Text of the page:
Researchers have discovered a “deepfake ecosystem” on the messaging app Telegram centered around bots that generate fake nudes on request. Users interacting with these bots say they’re mainly creating nudes of women they know using images taken from social media, which they then share and trade with one another in various Telegram channels.
The investigation comes from security firm Sensity, which focuses on what it calls “visual threat intelligence,” particularly the spread of deepfakes. Sensity’s researchers found more than 100,000 images have been generated and shared in public Telegram channels up to July 2020 (meaning the total number of generated images, including those never shared and those made since July, is much higher). Most of the users in these channels, roughly 70 percent, come from Russia and neighboring countries, says Sensity. The Verge was able to confirm that many of the channels investigated by the company are still active.
The bots are free to use, but they generate fake nudes with watermarks or only partial nudity. Users can then pay a fee equal to just a few cents to “uncover” the pictures completely. One “beginner rate” charges users 100 rubles (around $1.28) to generate 100 fake nudes without watermarks over a seven day period. Sensity says “a limited number” of the bot-generated images feature targets “who appeared to be underage.”
Both The Verge and Sensity have contacted Telegram to ask why they permit this content on their app but have yet to receive replies. Sensity says it’s also contacted the relevant law enforcement authorities.
The software being used to generate these images is known as DeepNude. It first appeared on the web last June, but its creator took down its website hours after it received mainstream press coverage, saying “the probability that people will misuse it is too high.” However, the software has continued to spread over backchannels, and Sensity says DeepNude “has since been reverse engineered and can be found in enhanced forms on open source repositories and torrenting websites.” It’s now being used to power Telegram bots, which handle payments automatically to generate revenue for their creators.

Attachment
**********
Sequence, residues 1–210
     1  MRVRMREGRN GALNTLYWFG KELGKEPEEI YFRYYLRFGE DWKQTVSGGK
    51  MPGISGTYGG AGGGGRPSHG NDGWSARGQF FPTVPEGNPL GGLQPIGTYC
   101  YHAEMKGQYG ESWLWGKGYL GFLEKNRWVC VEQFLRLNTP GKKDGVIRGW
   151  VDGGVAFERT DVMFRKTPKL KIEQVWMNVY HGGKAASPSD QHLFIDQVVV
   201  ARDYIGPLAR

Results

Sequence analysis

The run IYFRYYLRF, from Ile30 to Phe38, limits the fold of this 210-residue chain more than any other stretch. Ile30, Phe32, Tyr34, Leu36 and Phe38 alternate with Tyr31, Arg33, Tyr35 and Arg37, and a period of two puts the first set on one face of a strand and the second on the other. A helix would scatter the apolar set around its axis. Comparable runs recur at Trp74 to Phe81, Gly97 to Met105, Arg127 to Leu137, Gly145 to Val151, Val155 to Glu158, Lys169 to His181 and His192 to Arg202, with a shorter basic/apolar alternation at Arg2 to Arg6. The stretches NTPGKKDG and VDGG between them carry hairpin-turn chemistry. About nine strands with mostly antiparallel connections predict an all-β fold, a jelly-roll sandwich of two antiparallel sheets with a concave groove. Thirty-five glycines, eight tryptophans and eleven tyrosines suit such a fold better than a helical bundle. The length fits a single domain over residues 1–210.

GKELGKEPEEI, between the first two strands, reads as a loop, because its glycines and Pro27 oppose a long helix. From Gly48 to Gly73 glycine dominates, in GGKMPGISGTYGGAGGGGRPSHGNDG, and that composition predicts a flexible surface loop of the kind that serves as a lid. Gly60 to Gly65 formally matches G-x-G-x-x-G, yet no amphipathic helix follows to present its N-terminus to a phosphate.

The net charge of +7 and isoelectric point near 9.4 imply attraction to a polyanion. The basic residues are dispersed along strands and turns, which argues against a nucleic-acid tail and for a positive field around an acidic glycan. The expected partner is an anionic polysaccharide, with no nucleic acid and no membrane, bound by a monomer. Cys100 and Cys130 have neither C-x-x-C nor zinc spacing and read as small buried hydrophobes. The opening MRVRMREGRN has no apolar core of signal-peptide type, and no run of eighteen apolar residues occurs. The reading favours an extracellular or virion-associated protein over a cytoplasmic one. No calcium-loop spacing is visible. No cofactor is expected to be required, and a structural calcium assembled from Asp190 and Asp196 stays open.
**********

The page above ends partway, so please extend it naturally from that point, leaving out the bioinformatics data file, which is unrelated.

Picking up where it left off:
DeepNude uses an AI technique known as generative adversarial networks, or GANs, to generate fake nudes, with the resulting images varying in quality. Most are obviously fake, with smeared or pixellated flesh, but some can easily be mistaken for real pictures.
Since before the arrival of Photoshop, people have created nonconsensual fake nudes of women. There are many forums and websites currently dedicated to this activity using non-AI tools, with users sharing nudes of both celebrities and people they know. But deepfakes have led to the faster generation of more realistic images. Now, automating this process via Telegram bots makes generating fake nudes as easy as sending and receiving pictures.
“The key difference is accessibility of this technology,” Sensity’s CEO and co-author of the report, Giorgio Patrini, told The Verge. “It’s important to notice that other versions of the AI core of this bot, the image processing and synthesis, are freely available on code repositories online. But you need to be a programmer and have some understanding of computer vision to get them to work, other than powerful hardware. Right now, all of this is irrelevant as it is taken care of by the bot embedded into a messaging app.”
Sensity’s report says it’s “reasonable to assume” that most of the people using these bots “are primarily interested in consuming deepfake pornography” (which remains a popular category on porn sites). But these images and videos can also be used for extortion, blackmail, harassment, and more. There have been a number of documented cases of women being targeted using AI-generated nudes, and it’s possible some of those creating nudes using the bots on Telegram are doing so with these motives in mind.
Patrini told The Verge that Sensity’s researchers had not seen direct evidence of the bot’s creations being used for these purposes, but said the company believed this was happening. He added that while the political threat of deepfakes had been “miscalculated” (“from the point of view of perpetrators, it is easier and cheaper to resort to photoshopping images and obtain a similar impact for spreading disinformation, with less effort”), it’s clear the technology poses “a series threat for personal reputation and security.”